But what made you think you could do this as a living? As a job? Was it Gordon?
I took a class with him and then he kind of singled me out as someone with promise and once he singled me out, that was it. Like, you know, I respected him on a sentence more than anyone else. And so once he said, “Mitch, I think you can really do this, like I think you can be one of the ones that they remember.” That was pretty much all I needed to have to confidence to do it.

I imagine that would give a person confidence. Were you a fan of his work as an editor and a writer?
Yes, I came to him really late but I studied with Tom Spanbauer, who was a student of his, and he’s in Portland and so that’s how I found out about Gordon. But then I started reading Barry Hannah. And once I started reading Hannah I was like, “Ah, man, whoever helped him do this…. This is amazing stuff right here.” So I was a fan. Big fan.

Me too. Have you internalized his kind of exacting critique? Are you that tough on yourself?
Most definitely. Like, I will work on a sentence, for, I’ve spent half a day on a paragraph. Easy. My hope is not only to write something that means something but that it has some kind of acoustic value and if it doesn’t, then to me it’s false. I’ve got that ear always in my head.

It’s incredible how musical your sentences are. And how you approach each sentence in its own way, and in every sentence you can see that there’s work in it. You can see that it’s also…it’s literary but at the same time colloquial. I was wondering how much of your own experience you put in that? Not only in terms of plot but also in terms of language.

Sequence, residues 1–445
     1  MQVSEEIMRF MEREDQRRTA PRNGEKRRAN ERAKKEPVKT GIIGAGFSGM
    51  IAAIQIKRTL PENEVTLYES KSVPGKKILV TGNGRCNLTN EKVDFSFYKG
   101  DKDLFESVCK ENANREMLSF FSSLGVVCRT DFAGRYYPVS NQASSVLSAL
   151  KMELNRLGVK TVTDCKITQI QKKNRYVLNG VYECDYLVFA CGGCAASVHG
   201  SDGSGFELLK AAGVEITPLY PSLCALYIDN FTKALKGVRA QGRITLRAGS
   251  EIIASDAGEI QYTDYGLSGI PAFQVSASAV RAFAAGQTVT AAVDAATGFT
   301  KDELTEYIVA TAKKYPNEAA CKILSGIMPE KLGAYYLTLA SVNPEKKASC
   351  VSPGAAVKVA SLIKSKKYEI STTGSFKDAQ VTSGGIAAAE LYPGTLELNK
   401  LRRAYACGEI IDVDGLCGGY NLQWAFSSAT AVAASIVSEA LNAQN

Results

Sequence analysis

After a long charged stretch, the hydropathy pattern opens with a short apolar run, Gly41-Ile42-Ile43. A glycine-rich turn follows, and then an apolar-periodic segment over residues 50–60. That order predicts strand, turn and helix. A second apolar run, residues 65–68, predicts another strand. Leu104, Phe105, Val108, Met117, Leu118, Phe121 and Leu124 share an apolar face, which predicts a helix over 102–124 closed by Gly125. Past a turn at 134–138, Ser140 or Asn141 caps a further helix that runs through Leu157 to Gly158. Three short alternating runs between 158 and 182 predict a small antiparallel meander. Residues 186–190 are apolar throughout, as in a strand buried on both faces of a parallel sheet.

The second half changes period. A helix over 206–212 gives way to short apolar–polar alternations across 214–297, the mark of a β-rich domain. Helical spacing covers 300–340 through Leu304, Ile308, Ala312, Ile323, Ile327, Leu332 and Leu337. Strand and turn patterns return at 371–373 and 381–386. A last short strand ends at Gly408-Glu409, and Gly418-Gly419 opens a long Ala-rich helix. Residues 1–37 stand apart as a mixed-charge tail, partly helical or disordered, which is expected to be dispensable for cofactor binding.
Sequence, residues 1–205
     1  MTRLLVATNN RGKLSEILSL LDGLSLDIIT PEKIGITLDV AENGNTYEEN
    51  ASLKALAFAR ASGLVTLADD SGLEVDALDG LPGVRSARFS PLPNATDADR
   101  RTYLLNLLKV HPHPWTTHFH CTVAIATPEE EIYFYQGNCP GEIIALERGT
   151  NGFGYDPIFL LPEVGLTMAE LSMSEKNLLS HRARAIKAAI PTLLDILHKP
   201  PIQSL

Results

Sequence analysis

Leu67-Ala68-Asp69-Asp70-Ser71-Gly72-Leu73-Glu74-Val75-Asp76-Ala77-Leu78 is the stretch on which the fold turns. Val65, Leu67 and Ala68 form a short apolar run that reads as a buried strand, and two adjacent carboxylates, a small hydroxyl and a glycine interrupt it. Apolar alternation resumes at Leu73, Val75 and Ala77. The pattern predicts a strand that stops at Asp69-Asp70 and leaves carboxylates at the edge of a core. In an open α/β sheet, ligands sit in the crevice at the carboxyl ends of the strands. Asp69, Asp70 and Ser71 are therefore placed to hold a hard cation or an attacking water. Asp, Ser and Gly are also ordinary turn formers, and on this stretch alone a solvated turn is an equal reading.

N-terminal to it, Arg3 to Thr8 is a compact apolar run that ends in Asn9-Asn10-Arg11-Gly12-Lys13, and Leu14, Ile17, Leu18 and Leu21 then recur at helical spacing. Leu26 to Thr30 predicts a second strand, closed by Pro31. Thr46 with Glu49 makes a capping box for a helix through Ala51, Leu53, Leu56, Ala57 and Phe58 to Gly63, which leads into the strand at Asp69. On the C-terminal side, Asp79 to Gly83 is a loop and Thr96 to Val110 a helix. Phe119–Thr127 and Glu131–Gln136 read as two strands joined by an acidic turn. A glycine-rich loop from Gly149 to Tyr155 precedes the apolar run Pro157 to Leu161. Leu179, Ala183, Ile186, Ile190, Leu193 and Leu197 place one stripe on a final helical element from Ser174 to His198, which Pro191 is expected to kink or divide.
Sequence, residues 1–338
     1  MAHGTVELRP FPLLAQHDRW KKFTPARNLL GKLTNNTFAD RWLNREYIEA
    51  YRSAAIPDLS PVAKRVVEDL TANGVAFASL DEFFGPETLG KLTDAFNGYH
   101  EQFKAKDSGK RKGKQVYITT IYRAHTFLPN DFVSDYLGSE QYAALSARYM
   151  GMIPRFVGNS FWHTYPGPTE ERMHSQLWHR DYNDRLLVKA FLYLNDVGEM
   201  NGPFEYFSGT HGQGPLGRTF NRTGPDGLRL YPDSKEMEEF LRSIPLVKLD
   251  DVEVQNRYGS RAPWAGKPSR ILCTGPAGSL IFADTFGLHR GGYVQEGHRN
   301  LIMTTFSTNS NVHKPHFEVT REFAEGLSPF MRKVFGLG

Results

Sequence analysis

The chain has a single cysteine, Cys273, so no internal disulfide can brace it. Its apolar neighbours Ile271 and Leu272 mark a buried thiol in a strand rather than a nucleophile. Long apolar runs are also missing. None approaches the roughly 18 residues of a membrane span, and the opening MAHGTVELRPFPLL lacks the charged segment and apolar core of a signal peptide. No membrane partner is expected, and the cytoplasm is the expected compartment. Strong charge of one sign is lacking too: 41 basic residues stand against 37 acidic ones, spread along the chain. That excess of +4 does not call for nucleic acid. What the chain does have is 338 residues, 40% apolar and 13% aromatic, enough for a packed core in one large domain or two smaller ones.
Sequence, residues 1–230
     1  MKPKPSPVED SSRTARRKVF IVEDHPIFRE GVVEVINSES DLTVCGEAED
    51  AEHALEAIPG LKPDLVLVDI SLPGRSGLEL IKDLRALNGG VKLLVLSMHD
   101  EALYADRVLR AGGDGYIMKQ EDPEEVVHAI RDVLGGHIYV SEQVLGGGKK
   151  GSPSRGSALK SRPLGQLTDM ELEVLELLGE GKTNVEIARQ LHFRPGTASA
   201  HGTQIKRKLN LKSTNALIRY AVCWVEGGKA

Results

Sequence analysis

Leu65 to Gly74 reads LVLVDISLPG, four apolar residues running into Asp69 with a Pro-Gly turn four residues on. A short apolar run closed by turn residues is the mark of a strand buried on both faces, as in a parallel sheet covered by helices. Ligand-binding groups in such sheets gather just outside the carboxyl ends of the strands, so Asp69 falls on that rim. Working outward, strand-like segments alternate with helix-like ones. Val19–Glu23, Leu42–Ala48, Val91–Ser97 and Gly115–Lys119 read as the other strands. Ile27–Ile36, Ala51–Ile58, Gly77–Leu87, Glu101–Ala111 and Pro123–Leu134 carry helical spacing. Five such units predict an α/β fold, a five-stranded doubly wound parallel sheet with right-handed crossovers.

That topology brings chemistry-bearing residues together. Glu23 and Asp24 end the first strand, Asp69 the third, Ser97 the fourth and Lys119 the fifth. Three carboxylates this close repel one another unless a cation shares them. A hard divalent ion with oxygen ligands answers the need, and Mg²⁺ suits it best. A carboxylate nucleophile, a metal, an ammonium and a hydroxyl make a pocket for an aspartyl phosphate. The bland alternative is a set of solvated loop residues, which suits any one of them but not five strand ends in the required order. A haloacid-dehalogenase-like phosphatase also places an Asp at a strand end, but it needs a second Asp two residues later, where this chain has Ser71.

I think I got this from reading James Baldwin's famous essay... Well, I didn’t get it directly from him, but I’m aware of it a lot more since reading Baldwin's If Black English Isn’t a Language, Then Tell Me, What Is? The idea of who makes the rules on what is a language and what isn’t and what’s respected and what isn’t... it's arbitrary. So, I’m always trying to include something that kind of goes against the power structure: “Oh you can’t put that in there. That’s not how people talk, they’re not going to respect that in the literary world.” But I put it in there. And it also happens that that language is my native language so I’m always trying to include those themes.

How important is it to you to make sure that even with all this literary, conceptual work on the language and on the sentence, that it ends up sounding kind of... true?
That’s the most important thing! If I do all this work and it looks like I just did all this work, then I failed, you know? A good story sounds like someone talking to you and telling you something. Like overhearing someone tell you something—that’s the goal, sure. Do it. But don’t let them see you’re doing it.